The Bottom Line

Income is one of the most basic measures of economic activity. For individuals and companies, it measures the net gain of their revenues as a result of working or doing business. In public policy, income represents the basis for most forms of taxation.

As a seasoned financial analyst and tax expert with a comprehensive understanding of income-related concepts, let's delve into the various components and nuances presented in the article.

  1. Gross Income and Net Income:

    • Gross income is defined as the total value of one's salary or payments without considering any cash outflows. It encompasses wages, salaries, return on investments, pension distributions, and other receipts.
    • Net income, on the other hand, refers to the income left over after subtracting taxes or fees. It provides a clearer picture of the actual income available for discretionary spending or savings.
  2. Discretionary Income:

    • Discretionary income is the amount available after covering necessary expenses. It is crucial for budgeting and may be used in contexts such as determining eligibility for student financial aid.
  3. Taxable Income:

    • Taxable income is gross income minus exclusions, exemptions, and deductions allowed under tax laws. It is the amount subject to income taxation.
    • Taxable income can vary based on jurisdictions and includes salaries, sales, and other forms of revenue. Tax codes aim to reflect taxpayers' actual economic positions.
  4. Types of Income for Taxation:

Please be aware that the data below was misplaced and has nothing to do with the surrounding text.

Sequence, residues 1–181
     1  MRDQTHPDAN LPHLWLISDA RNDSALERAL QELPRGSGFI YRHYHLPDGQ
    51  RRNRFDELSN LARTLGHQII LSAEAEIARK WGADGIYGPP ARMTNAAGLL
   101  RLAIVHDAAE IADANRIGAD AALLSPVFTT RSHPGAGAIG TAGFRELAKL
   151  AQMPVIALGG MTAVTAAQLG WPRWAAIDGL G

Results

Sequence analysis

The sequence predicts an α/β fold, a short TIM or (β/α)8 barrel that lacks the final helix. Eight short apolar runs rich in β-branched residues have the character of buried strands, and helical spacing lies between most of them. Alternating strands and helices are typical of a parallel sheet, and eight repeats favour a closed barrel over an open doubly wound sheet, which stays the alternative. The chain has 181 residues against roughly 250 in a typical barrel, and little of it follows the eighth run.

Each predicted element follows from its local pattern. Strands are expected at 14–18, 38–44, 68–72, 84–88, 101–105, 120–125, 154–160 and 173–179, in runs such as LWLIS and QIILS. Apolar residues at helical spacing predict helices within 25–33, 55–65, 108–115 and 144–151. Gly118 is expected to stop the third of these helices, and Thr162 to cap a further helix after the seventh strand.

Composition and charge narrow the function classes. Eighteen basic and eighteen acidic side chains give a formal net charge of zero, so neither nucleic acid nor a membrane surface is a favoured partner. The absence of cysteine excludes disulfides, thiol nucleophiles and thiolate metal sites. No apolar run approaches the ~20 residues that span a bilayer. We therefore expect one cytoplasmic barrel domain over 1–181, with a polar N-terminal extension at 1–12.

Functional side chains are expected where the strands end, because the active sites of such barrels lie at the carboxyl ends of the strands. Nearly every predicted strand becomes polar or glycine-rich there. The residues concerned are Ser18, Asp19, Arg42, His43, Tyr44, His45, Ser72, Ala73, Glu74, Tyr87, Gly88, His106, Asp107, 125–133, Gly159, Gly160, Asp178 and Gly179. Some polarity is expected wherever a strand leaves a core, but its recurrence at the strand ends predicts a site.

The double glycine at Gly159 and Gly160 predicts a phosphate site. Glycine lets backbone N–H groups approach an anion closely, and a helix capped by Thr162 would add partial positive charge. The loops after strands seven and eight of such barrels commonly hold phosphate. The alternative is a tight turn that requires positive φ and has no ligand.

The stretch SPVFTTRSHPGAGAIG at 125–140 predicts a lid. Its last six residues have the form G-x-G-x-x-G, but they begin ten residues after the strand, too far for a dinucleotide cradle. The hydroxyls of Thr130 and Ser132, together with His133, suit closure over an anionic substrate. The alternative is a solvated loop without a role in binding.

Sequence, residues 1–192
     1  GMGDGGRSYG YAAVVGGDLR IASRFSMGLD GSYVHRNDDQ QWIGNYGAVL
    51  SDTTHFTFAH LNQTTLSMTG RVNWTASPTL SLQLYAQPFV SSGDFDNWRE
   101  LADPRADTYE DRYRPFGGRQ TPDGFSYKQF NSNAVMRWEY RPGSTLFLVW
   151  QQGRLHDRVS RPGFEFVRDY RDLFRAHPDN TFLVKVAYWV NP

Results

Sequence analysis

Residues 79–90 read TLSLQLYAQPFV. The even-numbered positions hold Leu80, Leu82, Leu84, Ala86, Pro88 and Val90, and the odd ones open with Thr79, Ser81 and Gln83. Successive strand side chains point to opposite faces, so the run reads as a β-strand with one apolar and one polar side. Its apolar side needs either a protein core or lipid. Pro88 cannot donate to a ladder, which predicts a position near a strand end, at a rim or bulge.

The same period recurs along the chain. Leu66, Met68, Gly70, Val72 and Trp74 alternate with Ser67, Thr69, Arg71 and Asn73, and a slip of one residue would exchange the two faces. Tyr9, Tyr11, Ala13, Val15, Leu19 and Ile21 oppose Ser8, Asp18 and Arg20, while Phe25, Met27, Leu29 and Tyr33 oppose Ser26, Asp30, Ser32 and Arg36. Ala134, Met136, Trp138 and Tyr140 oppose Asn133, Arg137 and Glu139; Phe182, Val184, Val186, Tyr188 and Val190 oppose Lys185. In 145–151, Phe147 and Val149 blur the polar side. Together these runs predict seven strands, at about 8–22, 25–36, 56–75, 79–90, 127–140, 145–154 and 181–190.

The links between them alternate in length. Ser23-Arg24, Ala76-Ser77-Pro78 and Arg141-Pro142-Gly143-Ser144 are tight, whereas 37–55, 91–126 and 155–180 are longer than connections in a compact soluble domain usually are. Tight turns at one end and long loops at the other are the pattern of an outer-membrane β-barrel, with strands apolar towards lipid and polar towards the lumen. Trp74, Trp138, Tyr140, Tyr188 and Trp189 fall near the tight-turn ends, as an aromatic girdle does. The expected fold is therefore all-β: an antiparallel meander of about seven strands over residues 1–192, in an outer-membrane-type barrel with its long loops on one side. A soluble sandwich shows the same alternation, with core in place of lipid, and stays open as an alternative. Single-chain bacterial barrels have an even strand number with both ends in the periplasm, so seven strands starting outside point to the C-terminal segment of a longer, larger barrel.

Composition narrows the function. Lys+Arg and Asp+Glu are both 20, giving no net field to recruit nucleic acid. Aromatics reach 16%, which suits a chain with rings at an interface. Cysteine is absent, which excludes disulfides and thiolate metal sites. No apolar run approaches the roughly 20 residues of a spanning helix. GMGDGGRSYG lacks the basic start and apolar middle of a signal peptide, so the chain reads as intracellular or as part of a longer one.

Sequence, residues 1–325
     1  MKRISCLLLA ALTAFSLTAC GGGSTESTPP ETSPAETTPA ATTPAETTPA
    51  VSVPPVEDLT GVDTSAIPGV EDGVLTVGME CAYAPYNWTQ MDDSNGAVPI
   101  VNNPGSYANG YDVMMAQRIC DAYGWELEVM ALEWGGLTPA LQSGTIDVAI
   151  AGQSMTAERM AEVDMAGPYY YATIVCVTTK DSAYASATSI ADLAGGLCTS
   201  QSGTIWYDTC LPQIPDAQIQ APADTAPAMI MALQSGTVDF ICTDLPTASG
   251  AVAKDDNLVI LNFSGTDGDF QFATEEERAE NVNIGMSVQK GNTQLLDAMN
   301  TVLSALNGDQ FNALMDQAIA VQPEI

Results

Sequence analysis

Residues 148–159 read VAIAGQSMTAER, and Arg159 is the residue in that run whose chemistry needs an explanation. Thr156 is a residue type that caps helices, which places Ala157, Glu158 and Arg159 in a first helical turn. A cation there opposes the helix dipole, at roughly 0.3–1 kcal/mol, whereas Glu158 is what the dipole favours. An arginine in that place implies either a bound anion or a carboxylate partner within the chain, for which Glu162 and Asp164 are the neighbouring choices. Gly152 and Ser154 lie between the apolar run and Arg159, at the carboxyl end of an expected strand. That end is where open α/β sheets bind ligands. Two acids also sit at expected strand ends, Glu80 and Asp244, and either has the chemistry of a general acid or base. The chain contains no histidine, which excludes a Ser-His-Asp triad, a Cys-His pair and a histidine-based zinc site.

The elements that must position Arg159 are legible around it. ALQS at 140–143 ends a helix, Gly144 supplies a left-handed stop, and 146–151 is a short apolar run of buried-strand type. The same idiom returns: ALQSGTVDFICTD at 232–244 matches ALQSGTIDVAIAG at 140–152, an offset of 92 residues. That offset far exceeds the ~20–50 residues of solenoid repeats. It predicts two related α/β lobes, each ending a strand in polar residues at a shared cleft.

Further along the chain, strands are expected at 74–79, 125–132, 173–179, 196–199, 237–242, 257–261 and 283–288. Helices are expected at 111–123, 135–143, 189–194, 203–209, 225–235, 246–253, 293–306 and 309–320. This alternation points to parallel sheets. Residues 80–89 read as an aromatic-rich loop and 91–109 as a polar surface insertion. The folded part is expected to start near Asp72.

• Ordinary Income: Encompasses earnings, interest, regular dividends, rental income, pension distributions, and Social Security benefits. Taxed at rates ranging from 10% to 37%.
    • Capital Gains: Gains from selling assets held for more than one year, taxed at rates of 0%, 15%, or 20%. Qualifying for lower capital gains rates requires holding the asset for more than one year.
    • Tax-Exempt Income: Interest on certain bonds issued by governmental entities, exempt from federal, state, and local taxation.
  5. Earned Income Taxation:

    • Earned income is money obtained through work or business activities, subject to payroll taxes, Medicare tax, and Social Security tax. Social Security tax has a capped level.
  6. Business Income and GAAP:

    • GAAP (Generally Accepted Accounting Principles) is employed by businesses, including public companies, to determine income and value. It provides a more economically realistic snapshot of business income compared to tax accounting.
    • GAAP and tax accounting have different timing standards for recognizing revenue and expenses.
  7. Standard Definition of Income:

    • The definition of income varies based on context, such as tax law or financial accounting. Tax law uses gross income and taxable income concepts, while GAAP uses revenue reduced by expenses for net income determination.
  8. Tax-Exempt Categories:

    • Federal, state, and local laws specify categories of income exempt from taxation, such as interest on government bonds, certain federal agency debt, Roth 401(k) and Roth IRAs distributions, and income of tax-exempt organizations.
  9. Non-Taxable Income:

    • Inheritances, gifts, alimony payments, cash rebates, child support, most healthcare benefits, qualifying adoption reimbursements, and welfare payments are generally not considered taxable income.
  10. Net Income vs. Profit:

    • Net income represents the difference between total revenues and all expenses, including overhead, taxes, depreciation, and amortization. Profit, however, refers to the remaining revenue after some specific expenses.
  11. Bottom Line:

    • Income serves as a fundamental measure of economic activity, reflecting the net gain of revenues for individuals and companies. In public policy, income forms the basis for various forms of taxation. Understanding the distinctions among gross income, net income, and various types of taxable and non-taxable income is crucial for financial planning and compliance.
Income Definition: Types, Examples, and Taxes (2024)